Rain today (January 16th) is the first meaningful fall since before Christmas, putting an end to the 23-day long dry spell.
This meteorological drought, rare given that it spanned Christmas and New Year Storm singularities, these having 84 and 86 per cent probabilities respectively, was the 3rd equal longest winter drought.
The only other similar droughts in a list that dates back to 1887 were 19/12/2008 – 03/01/2009 and 17/12/1972 – 02/01/1973.
The last precipitation I recorded was from a weak occlusion that followed a cold front on the evening of December 23rd.
This synoptic set-up was followed by a build in air pressure that peaked on the morning of January 3rd; 1043.8mb was the highest reading in this area for at least 10 years and is the highest pressure I have measured.
A fuller version of London droughts in all seasons can be found here.
Weather models are continuing to struggle in the aftermath of the stratospheric sudden warming on January 1st. The GFS and ECMWF have flip-flopped: on one run decent northern blocking extends southward only for the dreaded European high to appear on the next.
Using a combination of QBO and ENSO data featured in my winter forecast and statistics from previous SSWs (including 2013 and 2018) achieved the following results shown in this graphic.
Although some days in the next week or so will be cold it is not until the 14th that conditions start to bite, the start of a week-long cold spell that will probably be more notable for cold than snowfall.
The rapid recovery in temperature would suggest that the Azores / European high making a return. With the MJO moving back and forth between phase 7 and 8, and looking at the behaviour of previous cold spells, this would make sense.
As for February, unless there are further SSWs to disrupt the polar vortex, and depending on its recovery, it is unlikely we will see a repeat of the winter of 1984/85 that I hinted at last month. The graphic below, however, would suggest another cold spell in the third week of February.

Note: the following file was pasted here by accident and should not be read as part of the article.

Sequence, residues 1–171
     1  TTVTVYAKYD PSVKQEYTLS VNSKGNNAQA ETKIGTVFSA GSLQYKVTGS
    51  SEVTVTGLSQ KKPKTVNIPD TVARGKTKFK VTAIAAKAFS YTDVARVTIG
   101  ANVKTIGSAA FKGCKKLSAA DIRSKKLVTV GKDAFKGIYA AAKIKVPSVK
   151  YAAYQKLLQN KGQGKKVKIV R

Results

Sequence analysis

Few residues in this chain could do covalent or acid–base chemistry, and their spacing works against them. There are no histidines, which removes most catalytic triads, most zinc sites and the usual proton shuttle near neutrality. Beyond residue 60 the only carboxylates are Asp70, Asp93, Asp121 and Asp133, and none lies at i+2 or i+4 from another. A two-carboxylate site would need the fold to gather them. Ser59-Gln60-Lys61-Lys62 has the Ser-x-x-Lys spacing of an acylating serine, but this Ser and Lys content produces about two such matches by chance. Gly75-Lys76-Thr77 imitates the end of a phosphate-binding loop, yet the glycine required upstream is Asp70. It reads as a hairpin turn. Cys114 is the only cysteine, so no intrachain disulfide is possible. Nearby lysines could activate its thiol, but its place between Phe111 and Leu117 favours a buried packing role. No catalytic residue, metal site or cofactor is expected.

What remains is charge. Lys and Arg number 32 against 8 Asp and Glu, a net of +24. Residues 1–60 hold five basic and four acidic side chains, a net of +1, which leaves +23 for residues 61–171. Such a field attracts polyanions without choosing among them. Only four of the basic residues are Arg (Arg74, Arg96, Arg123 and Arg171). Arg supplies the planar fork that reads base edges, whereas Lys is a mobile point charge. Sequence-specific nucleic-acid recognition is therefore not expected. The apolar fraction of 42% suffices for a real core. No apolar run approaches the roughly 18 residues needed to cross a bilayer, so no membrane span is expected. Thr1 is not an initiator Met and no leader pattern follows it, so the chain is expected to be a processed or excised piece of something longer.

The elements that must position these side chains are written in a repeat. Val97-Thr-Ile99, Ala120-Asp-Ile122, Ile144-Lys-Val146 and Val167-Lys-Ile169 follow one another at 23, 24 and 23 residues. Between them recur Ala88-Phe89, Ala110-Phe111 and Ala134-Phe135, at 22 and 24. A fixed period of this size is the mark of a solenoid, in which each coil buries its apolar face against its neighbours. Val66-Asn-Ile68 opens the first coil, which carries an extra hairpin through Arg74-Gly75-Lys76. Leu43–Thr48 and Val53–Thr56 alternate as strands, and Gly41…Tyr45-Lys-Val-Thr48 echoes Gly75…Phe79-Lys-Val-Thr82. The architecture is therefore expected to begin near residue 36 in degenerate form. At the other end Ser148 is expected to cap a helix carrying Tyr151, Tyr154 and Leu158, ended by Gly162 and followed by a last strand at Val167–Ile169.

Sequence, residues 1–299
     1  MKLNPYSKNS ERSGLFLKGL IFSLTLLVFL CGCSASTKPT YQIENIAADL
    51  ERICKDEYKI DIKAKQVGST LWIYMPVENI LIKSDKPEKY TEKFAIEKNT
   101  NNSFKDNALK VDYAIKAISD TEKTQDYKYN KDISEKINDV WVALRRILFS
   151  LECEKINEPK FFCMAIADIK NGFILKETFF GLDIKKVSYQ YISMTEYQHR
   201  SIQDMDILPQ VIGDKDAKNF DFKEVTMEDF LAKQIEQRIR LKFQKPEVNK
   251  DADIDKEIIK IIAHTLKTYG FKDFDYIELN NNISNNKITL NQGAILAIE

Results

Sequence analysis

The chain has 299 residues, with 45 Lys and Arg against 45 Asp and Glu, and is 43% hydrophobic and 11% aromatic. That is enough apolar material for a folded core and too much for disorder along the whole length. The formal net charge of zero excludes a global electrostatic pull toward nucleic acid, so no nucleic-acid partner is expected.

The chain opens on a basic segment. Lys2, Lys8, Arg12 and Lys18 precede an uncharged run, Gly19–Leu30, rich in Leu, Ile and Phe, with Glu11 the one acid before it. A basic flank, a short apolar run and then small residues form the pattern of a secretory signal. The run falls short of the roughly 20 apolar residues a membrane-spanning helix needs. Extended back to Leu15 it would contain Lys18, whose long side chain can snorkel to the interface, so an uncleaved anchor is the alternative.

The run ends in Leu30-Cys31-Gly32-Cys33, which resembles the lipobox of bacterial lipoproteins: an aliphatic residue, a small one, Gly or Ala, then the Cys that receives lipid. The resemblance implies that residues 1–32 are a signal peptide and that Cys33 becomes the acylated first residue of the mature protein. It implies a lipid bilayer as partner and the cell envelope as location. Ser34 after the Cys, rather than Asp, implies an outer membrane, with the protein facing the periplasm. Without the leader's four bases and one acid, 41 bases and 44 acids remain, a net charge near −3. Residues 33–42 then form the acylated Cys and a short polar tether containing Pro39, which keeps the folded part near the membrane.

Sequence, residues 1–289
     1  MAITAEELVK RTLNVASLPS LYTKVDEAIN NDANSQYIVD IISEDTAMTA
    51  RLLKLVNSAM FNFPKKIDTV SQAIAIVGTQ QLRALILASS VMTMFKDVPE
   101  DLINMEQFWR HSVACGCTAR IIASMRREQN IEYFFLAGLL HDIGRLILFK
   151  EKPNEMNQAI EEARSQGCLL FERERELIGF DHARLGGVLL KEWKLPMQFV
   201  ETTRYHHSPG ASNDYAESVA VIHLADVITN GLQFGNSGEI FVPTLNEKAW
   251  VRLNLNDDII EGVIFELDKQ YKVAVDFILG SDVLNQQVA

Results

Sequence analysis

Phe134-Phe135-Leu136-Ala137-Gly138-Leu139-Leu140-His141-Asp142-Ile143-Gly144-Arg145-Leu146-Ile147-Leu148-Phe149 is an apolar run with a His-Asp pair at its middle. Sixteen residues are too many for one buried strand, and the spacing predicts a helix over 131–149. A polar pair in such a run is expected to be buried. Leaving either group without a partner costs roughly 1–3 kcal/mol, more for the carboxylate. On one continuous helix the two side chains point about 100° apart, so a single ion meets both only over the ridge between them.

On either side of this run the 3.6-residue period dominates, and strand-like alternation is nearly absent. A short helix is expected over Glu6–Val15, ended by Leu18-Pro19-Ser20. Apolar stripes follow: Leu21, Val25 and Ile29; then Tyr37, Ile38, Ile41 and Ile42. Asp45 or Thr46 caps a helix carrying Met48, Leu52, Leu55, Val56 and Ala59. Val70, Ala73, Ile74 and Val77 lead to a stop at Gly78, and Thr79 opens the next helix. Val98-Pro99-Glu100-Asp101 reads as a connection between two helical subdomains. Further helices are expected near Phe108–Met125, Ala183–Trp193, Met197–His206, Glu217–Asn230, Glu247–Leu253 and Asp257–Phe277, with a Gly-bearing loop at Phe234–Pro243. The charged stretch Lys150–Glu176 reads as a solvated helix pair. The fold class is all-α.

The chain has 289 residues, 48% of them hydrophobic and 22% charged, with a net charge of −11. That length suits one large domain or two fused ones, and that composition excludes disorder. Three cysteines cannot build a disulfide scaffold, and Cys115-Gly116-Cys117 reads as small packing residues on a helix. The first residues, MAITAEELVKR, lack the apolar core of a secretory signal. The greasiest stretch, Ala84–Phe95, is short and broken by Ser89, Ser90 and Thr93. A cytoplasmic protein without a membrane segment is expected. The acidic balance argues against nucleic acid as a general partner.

With talk of an imminent statospheric sudden warming (SSW) I thought it would be interesting to have a look back at previous SSWs and see what precedents could be found.
December so far is showing similarities with 1984: mean maxima is within 0.3C of 1984 while rainfall is virtually the same at around 30mm!
During the winter of 1984-85 the polar vortex split on January 2nd, setting up that month to be among the coldest of the 20th century, on a par with 1979 and 1987. A more recent January that was just as cold was 2010.
Indeed, the winter of 1984-85 was among the snowiest of the past 70 years, ranking at number 5 in my survey of winters.
The GFS model is now within range of the big day on the 25th. From now until Christmas Eve I will be having a look to see what is on offer.
The first operational run suggests something of interest but please bear in mind there is a long way to go yet. While operational runs are often exciting, the below suggests a potent northerly with snow for many, the right hand average is much more realistic though admittedly boring.
My own guess at this stage is for something benign, a high of 6C with a low of 2C, perhaps some frost early or late on?
10th: Op run this morning is showing quiet weather. A high of 4C after overnight frost.